SMITH COLUMN: Atlanta’s Evolution

Published 9:00 am Friday, June 7, 2024

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ATLANTA – Early morning from the west side of the 22nd floor of the J. W. Marriott in the Buckhead district of Atlanta, I stand at an expansive window which frames a downtown that showcases imposing skyscrapers, tall and erect, at daybreak.

At first light, I can visually peruse the train tracks which accommodate both the MARTA coaches and the freights which rumble along at a different pace but bringing inspiration to an idle mind.

I have always had an affection for trains and still would like to ride a freight from Denver to Salt Lake just to enjoy the solitude and the humming of the diesel engines while inhaling the picturesque glory of nature and the majesty of the landscape.

Longleaf pines and hardwoods of my native South will always be preferred, but I cannot get enough of the grandeur of the mountains of the West.  The 14-plus hours it takes to make that trip from Denver to Salt Lake would be the best day one could experience.

As I saw that dream journey in my mind’s eye, the television set in my room flashed the news via the WSB signal with Lori Wilson and Fred Blankenship, that there was another murder in a city once known as one which was “too busy to hate.”

All the while I am thinking about the Second Amendment Right to bear arms.  When that amendment was authored, things were different.  The country did not have an organized militia and you truly needed a weapon to protect yourself and your family.  And, just as important, you needed a gun to kill your supper.

It was not intended for thugs and assailants to blow somebody away for pocket change or to take possession of their car.

I thought of all the good things I have enjoyed over the years in Atlanta.  The first flashback had to do with the summer of 1960 when I worked with the Associated Press whose offices were then located in the Atlanta Journal Constitution Building on Forsyth Street.

That turned out to be one of the most valuable summers of my life, an eager wet-behind-the-ears college student amid seasoned newsmen who were self-taught, war veterans, caustic, and cynical.

Many of them were Georgia Tech aficionados, Tech being the only game in town in those pre-Falcon and Braves days.  They did like Georgia’s classy uniforms, however:  bright red jerseys and sparkling silver britches.

I had a friend who rented an apartment on Orme Circle just off Monroe Drive.  The landlord was a nice widow lady who was happy to allow me to pay the same rent my roommate was paying which was something like $25.00 a month.

There was no lock on the door to our basement quarters, but we never felt unsafe.  The centerpiece of Atlanta’s public transportation was the old trolley system.  When I had to work the afternoon and night shift, I drove my ’50 Ford to the office, where there was usually parking space in the old Terminal Station complex which was near the AP offices in the AJC Building.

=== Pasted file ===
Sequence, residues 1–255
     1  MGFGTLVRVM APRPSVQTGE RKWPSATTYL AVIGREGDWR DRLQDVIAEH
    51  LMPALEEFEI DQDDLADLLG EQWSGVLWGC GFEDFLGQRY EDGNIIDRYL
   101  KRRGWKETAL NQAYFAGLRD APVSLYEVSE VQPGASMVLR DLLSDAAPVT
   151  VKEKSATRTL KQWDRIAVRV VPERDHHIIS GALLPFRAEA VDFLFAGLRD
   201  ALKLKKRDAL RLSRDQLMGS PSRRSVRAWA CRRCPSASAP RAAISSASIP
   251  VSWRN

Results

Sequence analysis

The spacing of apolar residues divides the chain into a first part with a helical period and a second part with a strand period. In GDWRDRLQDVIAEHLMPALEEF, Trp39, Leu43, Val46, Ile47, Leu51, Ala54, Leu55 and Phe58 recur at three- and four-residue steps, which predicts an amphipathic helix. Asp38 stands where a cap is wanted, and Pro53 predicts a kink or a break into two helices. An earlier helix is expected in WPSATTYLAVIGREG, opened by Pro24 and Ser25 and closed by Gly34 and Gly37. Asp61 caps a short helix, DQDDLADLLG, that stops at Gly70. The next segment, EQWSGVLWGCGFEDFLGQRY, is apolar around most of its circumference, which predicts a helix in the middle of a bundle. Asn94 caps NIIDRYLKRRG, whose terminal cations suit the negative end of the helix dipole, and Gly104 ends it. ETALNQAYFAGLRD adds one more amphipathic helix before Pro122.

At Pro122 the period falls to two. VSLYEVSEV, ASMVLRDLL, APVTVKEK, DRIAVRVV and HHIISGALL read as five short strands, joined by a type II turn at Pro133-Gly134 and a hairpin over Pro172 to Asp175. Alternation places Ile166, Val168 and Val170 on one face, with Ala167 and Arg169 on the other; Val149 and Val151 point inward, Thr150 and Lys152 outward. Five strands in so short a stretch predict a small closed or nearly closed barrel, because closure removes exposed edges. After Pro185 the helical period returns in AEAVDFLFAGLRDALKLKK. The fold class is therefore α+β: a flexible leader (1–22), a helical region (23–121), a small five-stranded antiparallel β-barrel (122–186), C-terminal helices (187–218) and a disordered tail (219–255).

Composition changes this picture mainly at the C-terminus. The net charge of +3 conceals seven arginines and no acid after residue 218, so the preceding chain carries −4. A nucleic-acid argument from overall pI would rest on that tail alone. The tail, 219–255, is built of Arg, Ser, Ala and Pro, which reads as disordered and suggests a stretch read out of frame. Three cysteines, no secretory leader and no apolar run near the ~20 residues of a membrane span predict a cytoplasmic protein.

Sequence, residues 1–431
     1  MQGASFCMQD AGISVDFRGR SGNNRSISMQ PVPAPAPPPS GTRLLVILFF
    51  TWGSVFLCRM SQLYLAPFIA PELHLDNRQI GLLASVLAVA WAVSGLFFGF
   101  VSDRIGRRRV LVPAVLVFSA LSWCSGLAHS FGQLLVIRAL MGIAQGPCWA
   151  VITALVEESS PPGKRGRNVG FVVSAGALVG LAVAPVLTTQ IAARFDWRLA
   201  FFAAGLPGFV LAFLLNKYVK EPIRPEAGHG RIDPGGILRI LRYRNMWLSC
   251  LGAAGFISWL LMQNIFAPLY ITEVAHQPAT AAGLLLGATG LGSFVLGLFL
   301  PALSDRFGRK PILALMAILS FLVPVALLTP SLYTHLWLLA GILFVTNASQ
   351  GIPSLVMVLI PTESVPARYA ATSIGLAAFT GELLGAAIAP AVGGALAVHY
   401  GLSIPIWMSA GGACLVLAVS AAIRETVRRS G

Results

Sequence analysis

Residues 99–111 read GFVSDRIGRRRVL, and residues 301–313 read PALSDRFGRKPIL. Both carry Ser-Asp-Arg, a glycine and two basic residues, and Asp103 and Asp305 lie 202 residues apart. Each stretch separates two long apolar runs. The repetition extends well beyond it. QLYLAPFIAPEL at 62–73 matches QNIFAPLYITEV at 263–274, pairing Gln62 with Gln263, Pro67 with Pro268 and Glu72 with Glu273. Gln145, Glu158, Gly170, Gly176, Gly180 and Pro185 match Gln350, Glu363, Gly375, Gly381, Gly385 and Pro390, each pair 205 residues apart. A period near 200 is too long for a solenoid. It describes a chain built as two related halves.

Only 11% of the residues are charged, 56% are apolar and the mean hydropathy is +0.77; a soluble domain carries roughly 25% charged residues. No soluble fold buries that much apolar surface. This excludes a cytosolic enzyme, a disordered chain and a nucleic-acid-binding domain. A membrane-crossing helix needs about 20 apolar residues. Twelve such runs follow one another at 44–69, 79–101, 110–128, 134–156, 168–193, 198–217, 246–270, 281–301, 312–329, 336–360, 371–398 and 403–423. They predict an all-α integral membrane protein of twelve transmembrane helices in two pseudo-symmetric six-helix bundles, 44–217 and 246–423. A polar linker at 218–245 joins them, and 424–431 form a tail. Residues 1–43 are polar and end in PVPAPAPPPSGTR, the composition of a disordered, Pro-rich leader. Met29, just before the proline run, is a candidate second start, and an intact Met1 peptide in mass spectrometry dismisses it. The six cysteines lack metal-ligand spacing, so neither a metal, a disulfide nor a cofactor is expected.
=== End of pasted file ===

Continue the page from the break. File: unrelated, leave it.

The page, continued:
I learned a lot from that assignment which had me rewriting stories from the Atlanta papers for the AP regional wire. There was a lot of Civil Rights activity at that time.  The biggest international news that summer was the start of the trial in Moscow of the U-2 pilot Francis Gary Powers.  His plane had been shot down, May 1.  He was tried in a Soviet court, and as the trial got underway in August, I was instructed to call his wife, who was living in Milledgeville at the time.  The AP wanted a quote from her.

I don’t recall how I got her number, but I did reach her by phone.  She refused to say much of anything. She had been advised not to talk “to the press” and I wrote a meaningless story which certainly was not a scoop.

My mother was unfamiliar with the abbreviation of the Associated Press, AP, and took to telling her friends I was working with the A and P.  One day, I said, “Mama, please, I am a journalist.  I’m not in Atlanta toting groceries.”

Later, I spent three summers in Atlanta, managing publicity for the Coaches All-Star Game. Our headquarters was the new and classy Hyatt Regency with the bubble elevators.  The Braves had made their move to Atlanta, and I had access to press credentials which led to a memorable scene when the Dodgers came to town.

Sandy Koufax was in his peak years and was in the locker room following a victory over the Braves, kibitzing with Walter Alston, the manager.

Soon thereafter, Pete Rozelle tapped Rankin Smith as the owner of new NFL franchise which would soon be the Falcons.  Atlanta’s Airport was on the way to becoming the biggest in the world and the AJC announced that a new business was coming to town—almost every day.

Drive about the city today and you will see development in every section of town.  It remains a vibrant city and for all the depressing headlines in the news, the city ranks 25th in crime among U. S. Cities.  However, I wouldn’t sleep in a basement apartment with no lock on the door.

To be honest, I wouldn’t do that in any city anywhere.  I must confess that while I still enjoy and appreciate Atlanta, it was more fun in the city when I could walk downtown at midnight without fret or concern for my safety.